Is the Future Market Happening?
The Economic Times - September 2000
The marketing of India as an investment destination is moving into high gear again. 'Indian market opportunity ' has been a traditional pillar of our sales pitch, and over the years, we have moved from hype to hope and now, with eight years of post liberalisation market understanding, it's time for review and realism.
When we first started selling India in the early nineties, statistics about the affluence of the consumer base and the current market size were embarrassing. The sales pitches were perforce about 'what can happen", rather than "what it is now", a picture painted about a huge 'middle class' consumer base hungry for products and services that they had been deprived of. The "suppressed demand" theory was soon proved wrong, and the sales pitch moved on to saying that over the years, as incomes grow and consumers evolve, the market will happen. The pitch was "invest in India, not for what it is today, for what it will become tomorrow."
So is the future that we sold and prayed for happening? Can we credibly go on with the same sales pitch? Or is it like annual plan forecasts, where the present is always not so good, but the future is always projected as rosy? Yes, the future is definitely happening based on data from ORG-MARG, and from the just released NCAER 1997-98 Market Information Survey Of Households (the only reason they should not be crucified for putting out 1998 data in the end of 2000 is the unquestionably unique value of their reports.).
Consumer India has got more affluent: The NCAER studies give the number of households in different income groups (cut off points have been adjusted for inflation to make comparisons valid). Between 1992-93 and 1997-98 there is a definite decrease in the percentage of lower income households and an increase in the percentage of households in all other income groups. The higher income group has grown more in number than the middle and lower, though being smaller in absolute terms. (See table 1.)
ORG -MARG surveys show that urban households have increased their income by 2.3 to 2.7 times between 1990 vs. 1999.
Shape of Urban India income distribution has changed: The shape of income distribution is perhaps a more interesting metric to monitor to see whether we are at a 'take off point' in consumerism, rather than the 2000$ per cap PPP magic number. Urban consumption has hit take off. If you were to picture table 1, The shape of urban income distribution has changed from the traditional triangle (more households at the bottom than at the top) to the diamond; and even if you project this in a business as usual scenario, by 2006-7 should change shape again to a uniform barrel with a narrow triangular base. The shape of rural distribution is not fundamentally changing, but the triangle is getting a little less bottom heavy. By 2006-7, there will be the first major change in shape, with the lowest income group becoming smaller than the second lowest - the "have a little bit" being much larger than the "have not".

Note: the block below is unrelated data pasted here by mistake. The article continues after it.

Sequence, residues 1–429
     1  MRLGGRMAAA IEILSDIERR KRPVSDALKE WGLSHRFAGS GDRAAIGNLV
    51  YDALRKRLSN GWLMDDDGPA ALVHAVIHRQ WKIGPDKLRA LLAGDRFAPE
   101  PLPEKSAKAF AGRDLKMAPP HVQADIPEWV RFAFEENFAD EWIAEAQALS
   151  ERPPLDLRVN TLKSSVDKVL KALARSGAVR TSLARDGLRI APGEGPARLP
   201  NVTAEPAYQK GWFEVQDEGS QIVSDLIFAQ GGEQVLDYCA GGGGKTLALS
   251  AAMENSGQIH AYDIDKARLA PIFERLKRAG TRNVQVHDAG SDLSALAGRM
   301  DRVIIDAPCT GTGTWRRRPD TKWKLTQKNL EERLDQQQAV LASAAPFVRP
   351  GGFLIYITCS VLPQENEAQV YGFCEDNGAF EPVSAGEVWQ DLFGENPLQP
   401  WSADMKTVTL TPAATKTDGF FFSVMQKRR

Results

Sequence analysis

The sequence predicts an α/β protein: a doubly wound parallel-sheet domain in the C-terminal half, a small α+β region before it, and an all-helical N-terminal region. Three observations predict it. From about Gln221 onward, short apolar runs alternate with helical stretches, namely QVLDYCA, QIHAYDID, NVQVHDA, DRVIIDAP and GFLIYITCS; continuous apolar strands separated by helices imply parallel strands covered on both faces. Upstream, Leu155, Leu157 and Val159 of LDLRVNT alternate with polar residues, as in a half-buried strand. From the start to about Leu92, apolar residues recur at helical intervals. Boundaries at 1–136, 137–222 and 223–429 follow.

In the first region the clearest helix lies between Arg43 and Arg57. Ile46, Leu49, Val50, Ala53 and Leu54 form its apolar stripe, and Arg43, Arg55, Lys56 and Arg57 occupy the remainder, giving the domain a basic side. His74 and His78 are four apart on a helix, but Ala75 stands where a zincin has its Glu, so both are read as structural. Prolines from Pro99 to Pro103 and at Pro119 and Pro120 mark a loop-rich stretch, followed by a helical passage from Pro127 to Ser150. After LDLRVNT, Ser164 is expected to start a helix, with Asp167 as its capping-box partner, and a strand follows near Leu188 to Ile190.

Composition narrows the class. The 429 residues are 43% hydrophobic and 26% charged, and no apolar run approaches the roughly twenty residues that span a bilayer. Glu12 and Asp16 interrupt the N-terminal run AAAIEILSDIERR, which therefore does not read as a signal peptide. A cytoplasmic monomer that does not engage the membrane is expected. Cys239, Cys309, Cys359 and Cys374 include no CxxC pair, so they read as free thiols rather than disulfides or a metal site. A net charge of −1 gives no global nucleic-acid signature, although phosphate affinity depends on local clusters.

"Low Income" yet consuming : A necessary academic detour on the subject of income classification: most people puzzle over just how any family that earns Rs. 50,000 a year can afford to buy anything at all. The trick is to look at data on what each income class owns or buys. Income, like paternity could be a matter of opinion, but consumption or ownership, like maternity is a certainty. ORG-MARG IRS data shows considerable ownership levels in households with annual income below Rs. 50,000 in urban India . Of this group, 58% have a TV, 10 to 125 have a colour TV, refrigerator, 2 wheeler, 50% a pressure cooker, and 30% LPG gas. The message is that the income number stands for a label of affluence rather than a pure measure of income. It represents a relative truth, as in Rs 80,000 income households earn Rs. 20,000 more than Rs. 60,000, a truth that statisticians call reliable (if you survey again and again using the same methodology you will get the same distributions), rather than an absolute truth.
Ownership levels have increased: Nothing breeds the desire to consume more than consumption itself. For someone who has not taken the consumption road yet, there is less desire and aspiration to consume. But for someone who is well on the consumption road, there is more consumption that will happen. Urban India has increased ownership of durables quite significantly, at all socio-economic classes, as Table 3 shows. In rural India, the 2 wheeler penetration is quite stunning today, given how quickly it has all happened; further rural India accounts for at least 25 to 30% share of purchase of sophisticated durables like mixers, colour TVs and refrigerators and 15% of all washing machines.
Consumer India is at the point where there is a multiplicative effect of income growth, aspiration to consume and a changed consumption friendly ideology / social discourse - across the income board, and especially in urban India. The pace of change is slow burn, it is a long haul market, but it is now a concrete reality, not a creation of hope and hype.